The December 2016 Commencement Ceremony will be held in the Watsco Center on Thursday, December 15 at 10 a.m., for all graduate and undergraduate degrees awarded from all schools and colleges, except M.D. degrees from the Miller School of Medicine. Faculty participating in the ceremony should assemble at 9 a.m.

If you are attending as a dissertation advisor to a Ph.D. candidate, please email commencement@miami.edu and include your candidate(s) name so we may properly plan for seating. If you need further information regarding commencement, call 305-284-1821 or email the director, Lexi Cimmino, at LCimmino@miami.edu.


Faculty who placed an order for rental regalia may pick up their regalia at the Toppel Career Center during the distribution days on Tuesday, December 13 and Wednesday, December 14 between the hours of 8:30 a.m. and 8 p.m. For more information please contact the Toppel Career Center directly at 305-284-5451.

Visit miami.edu/commencement for more information regarding the ceremony.

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Donna Shalala to Address the Class of 2016


Donna Shalala to Address the Class of 2016

UM News

Donna E. Shalala

Donna E. Shalala

CORAL GABLES, Fla. (December 1, 2016)—The nearly 1,000 University of Miami students set to receive their newly minted degrees at the Watsco Center on Thursday, December 15 will hear advice from a familiar and beloved figure on campus: UM’s immediate past president and the nation’s longest-serving secretary of health and human services, Donna E. Shalala.

In addition to delivering the commencement address, Shalala—a distinguished scholar, political scientist, administrator, and public servant who currently directs the Clinton Foundation’s philanthropic efforts around the world—will receive an honorary degree for her extraordinary leadership in bettering our institution, our nation, and the world.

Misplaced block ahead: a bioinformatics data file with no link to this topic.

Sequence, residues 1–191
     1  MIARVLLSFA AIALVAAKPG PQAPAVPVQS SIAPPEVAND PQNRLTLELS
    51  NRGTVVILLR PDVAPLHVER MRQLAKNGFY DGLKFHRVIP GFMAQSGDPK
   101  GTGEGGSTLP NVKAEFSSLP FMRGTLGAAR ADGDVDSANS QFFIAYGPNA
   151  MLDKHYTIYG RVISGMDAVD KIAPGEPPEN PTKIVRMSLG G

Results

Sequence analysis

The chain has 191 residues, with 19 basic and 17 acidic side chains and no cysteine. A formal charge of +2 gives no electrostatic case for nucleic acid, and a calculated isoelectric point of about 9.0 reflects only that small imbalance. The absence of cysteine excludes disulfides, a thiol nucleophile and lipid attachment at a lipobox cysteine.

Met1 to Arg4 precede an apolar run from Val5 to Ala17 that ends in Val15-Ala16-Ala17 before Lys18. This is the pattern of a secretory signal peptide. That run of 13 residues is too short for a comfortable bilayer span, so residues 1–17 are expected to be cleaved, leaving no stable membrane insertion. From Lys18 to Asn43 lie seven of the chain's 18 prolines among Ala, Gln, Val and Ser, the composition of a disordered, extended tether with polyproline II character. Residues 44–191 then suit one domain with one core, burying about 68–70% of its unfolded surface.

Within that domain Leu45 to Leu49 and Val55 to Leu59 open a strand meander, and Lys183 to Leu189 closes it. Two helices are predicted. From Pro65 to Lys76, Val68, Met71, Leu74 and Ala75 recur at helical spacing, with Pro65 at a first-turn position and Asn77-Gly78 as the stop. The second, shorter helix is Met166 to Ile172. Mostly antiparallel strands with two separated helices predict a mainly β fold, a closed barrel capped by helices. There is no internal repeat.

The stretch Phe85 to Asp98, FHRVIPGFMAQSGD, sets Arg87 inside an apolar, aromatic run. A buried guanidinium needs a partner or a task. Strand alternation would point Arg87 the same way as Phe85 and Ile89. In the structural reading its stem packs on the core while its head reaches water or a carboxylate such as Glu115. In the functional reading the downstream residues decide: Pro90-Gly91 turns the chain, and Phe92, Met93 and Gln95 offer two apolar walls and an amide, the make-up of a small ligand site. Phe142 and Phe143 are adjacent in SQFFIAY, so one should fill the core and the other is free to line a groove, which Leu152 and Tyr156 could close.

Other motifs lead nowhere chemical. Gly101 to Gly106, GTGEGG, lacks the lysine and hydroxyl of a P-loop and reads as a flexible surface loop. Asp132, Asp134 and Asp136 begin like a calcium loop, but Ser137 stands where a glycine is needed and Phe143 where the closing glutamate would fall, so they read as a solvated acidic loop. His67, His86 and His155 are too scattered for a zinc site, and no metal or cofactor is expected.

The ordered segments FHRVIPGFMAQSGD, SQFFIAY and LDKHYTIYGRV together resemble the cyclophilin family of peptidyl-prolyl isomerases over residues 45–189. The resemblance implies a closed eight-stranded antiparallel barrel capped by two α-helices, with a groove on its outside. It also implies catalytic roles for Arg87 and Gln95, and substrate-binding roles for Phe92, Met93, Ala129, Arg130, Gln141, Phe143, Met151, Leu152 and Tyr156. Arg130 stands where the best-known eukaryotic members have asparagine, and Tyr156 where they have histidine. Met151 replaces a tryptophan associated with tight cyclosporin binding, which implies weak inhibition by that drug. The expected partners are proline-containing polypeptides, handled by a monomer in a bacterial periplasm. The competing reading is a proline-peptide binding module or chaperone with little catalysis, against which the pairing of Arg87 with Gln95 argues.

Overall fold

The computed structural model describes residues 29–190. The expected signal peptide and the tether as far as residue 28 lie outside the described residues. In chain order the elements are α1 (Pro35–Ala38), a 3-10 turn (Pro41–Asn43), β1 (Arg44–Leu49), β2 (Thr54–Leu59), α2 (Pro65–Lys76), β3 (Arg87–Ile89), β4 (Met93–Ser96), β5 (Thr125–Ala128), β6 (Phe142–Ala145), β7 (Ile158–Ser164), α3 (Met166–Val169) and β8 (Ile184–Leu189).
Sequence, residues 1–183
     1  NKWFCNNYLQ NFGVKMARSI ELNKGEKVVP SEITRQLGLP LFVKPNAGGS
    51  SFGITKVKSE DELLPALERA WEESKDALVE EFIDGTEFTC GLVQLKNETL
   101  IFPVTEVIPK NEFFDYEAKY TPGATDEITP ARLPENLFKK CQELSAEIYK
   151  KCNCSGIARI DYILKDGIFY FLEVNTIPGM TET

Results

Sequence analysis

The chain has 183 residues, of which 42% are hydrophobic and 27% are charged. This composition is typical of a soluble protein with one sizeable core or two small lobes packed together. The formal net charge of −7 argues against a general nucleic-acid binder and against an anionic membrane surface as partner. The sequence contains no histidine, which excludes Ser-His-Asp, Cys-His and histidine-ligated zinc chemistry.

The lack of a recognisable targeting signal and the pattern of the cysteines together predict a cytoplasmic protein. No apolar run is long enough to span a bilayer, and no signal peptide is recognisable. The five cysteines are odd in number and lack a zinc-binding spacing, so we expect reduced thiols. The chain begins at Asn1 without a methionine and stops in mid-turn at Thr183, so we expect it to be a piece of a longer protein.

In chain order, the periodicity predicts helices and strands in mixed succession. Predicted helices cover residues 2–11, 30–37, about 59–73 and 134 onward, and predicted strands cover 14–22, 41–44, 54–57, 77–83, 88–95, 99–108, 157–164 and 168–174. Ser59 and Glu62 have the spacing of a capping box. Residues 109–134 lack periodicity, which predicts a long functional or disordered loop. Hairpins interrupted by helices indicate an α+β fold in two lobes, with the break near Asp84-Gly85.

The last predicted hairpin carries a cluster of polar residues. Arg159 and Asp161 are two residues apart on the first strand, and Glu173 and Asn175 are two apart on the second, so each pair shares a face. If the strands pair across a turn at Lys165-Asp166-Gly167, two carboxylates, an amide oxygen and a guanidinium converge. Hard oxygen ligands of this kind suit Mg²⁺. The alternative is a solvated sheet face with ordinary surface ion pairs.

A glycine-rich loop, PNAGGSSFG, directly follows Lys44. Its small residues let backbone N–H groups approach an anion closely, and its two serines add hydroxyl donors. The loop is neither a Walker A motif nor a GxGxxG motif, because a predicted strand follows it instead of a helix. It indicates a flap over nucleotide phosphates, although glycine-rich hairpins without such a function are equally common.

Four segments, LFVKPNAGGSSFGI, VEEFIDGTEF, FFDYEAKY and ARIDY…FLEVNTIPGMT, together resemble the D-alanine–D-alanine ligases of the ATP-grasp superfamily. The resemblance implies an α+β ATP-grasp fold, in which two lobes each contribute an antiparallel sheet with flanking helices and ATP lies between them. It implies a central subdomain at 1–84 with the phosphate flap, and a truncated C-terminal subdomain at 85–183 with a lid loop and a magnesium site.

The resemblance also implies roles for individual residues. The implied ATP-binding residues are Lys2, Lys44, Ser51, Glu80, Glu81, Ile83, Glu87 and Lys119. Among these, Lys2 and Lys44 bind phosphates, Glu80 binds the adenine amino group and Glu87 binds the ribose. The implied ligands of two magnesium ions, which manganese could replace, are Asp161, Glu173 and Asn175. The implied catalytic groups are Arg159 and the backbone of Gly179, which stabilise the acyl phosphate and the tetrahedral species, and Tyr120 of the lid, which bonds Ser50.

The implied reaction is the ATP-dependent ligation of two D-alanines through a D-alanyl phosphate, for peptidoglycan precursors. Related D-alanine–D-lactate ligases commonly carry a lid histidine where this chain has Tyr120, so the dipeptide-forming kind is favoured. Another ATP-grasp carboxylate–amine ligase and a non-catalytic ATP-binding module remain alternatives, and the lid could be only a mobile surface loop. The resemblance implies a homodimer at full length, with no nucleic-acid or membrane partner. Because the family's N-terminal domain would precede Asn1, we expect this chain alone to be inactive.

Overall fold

During her 14 years as UM’s fifth—and first female—president, Shalala led the charge to elevate every aspect of the U—increasing research expenditures by 62 percent; establishing UHealth-the University of Miami Health System and solidifying the Miller School of Medicine as Florida’s top NIH-funded medical school; launching nearly $2 billion in new construction, including the student center that now bears her name; raising an unprecedented $3 billion in two Momentum campaigns for scholarships, academic and research programs, and facilities; and elevating UM’s iconic split-U logo from one of the most recognizable college athletic brands to a symbol of excellence throughout the University.

Before joining the U, Shalala strengthened a range of U.S. and international institutions, earning a host of honors and shattering many glass ceilings. After earning her B.A. at Western College for Women in 1962, she joined President John F. Kennedy’s new Peace Corps, teaching at an agriculture college in Iran and earning the respect of men unaccustomed to women having a say.

She later earned her Ph.D. degree from the Maxwell School of Citizenship and Public Affairs at Syracuse University and held tenured professorships at Columbia University, The City University of New York (CUNY), and the University of Wisconsin-Madison, rising to become president of CUNY’s Hunter College from 1980 to 1987 and chancellor of the University of Wisconsin-Madison from 1987 to 1993—the first woman to head a Big 10 university.

Tapped as President Bill Clinton’s secretary 
of health and human services in 1993, and serving through both of his terms, she earned The Washington Post’s admiration as “one of the most successful government managers of modern times.”

In 2007, while juggling her duties at UM, she answered President George W. Bush’s call to co-chair the Commission on Care for America’s Returning Wounded Warriors with former U.S. Senator Bob Dole. Two years later, she led the Institute of Medicine’s Initiative on the Future of Nursing. Her committee’s 2010 report remains the National Academies of Sciences, Engineering, and Medicine’s most downloaded health report.

A member of the Council on Foreign Relations, Shalala is one of the most honored academics of her generation. A 2011 inductee into the National Women’s Hall of Fame, she has been awarded more than four dozen honorary degrees and elected to seven national academies. She has received numerous other honors, including the nation’s highest civilian award, the Presidential Medal of Freedom, bestowed by President Bush in 2008 for helping “more Americans live lives of purpose and dignity.’’

More recently, Shalala, who remains trustee professor of political science and health policy at UM, received the 2010 Nelson Mandela Award for Health and Human Rights, the 2014 Harry S. Truman Legacy of Leadership Award, and the National Academy of Medicine’s 2016 David Rall Medal.